9. Allocate time for the platform orientation
  10. Iteratively assess and evaluate what works and what doesn't.

Webinars are used as platforms to enable knowledge exchange and to disseminate methods, results, and best practices. They are generally aimed at specific audiences and address specific themes. Thus, choosing a webinar presentation requires mapping of the target audience's needs and interests by the presenter. The presenters have to make sure that he involves sufficiently wide range of areas, without being too general. The greater the number of topics covered, the more likely people are to come, but the less time presenter will have to focus on a particular subject matter. Emerging areas can attract greater interest; this can be done with broad and compelling topic areas such as “Emerging Trends in …” or “New Developments in …”[3],[6]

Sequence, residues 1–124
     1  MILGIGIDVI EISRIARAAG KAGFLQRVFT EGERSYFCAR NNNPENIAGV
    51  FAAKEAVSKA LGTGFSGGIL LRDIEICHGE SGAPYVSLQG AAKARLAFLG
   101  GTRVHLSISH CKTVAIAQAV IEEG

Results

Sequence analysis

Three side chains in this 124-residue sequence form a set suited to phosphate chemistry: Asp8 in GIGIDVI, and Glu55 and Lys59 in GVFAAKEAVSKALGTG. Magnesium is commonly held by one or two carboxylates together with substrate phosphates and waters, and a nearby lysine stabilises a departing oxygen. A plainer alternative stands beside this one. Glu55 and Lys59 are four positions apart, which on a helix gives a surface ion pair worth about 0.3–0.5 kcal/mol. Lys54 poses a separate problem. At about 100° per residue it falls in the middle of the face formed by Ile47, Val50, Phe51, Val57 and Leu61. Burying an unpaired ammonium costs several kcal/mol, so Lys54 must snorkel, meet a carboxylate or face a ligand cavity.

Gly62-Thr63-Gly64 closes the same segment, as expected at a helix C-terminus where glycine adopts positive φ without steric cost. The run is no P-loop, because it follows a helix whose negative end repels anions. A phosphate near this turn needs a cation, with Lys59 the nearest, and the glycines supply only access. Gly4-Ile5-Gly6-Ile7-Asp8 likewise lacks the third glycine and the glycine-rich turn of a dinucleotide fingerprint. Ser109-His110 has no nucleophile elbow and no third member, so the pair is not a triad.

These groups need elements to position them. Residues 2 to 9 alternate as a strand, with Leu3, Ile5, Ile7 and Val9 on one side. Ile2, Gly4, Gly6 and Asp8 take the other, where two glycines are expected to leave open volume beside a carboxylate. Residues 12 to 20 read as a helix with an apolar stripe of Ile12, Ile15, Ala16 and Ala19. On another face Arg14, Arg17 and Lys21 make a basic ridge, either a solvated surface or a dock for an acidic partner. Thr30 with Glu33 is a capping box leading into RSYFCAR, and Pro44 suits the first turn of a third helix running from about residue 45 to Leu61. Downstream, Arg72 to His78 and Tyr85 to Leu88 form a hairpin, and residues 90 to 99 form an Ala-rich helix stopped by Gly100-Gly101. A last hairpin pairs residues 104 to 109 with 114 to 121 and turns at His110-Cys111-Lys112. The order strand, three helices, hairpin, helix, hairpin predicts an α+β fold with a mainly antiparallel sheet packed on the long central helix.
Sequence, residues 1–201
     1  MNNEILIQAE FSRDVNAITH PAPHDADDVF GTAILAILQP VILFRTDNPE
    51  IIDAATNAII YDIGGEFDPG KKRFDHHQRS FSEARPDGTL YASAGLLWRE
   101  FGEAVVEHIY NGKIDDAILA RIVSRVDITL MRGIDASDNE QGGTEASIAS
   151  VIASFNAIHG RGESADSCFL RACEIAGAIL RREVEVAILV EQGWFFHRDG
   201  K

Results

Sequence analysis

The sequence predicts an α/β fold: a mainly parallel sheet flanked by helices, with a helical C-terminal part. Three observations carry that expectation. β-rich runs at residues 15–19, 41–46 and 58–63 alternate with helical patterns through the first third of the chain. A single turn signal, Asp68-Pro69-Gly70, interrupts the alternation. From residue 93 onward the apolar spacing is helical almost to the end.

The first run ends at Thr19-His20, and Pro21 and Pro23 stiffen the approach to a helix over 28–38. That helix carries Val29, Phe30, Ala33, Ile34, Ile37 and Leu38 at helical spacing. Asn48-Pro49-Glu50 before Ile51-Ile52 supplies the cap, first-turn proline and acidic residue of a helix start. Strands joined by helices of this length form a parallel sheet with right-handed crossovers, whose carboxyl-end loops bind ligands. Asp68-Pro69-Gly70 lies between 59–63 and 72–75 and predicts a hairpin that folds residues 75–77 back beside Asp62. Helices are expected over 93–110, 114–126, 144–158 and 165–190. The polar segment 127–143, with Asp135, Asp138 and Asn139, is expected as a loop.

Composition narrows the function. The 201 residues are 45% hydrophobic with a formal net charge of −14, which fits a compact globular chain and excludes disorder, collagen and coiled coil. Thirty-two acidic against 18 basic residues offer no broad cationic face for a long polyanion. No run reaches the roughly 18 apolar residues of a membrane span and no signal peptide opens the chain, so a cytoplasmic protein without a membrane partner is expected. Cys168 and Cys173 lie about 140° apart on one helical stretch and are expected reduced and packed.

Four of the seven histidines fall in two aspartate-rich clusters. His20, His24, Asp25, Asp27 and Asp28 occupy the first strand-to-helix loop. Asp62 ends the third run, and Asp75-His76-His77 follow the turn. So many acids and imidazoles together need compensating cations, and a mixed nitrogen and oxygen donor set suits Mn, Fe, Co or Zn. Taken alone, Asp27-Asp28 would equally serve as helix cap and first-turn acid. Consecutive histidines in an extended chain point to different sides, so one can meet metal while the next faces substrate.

Webinar versus Conferences Top